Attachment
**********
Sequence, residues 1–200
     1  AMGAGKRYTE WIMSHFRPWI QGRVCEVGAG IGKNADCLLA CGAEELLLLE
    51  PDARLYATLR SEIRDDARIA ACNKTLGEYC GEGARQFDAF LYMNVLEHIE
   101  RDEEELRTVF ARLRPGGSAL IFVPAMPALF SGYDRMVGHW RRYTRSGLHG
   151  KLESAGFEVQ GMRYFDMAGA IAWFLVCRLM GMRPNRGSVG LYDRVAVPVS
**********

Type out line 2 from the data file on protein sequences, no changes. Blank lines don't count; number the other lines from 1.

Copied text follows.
     1  AMGAGKRYTE WIMSHFRPWI QGRVCEVGAG IGKNADCLLA CGAEELLLLE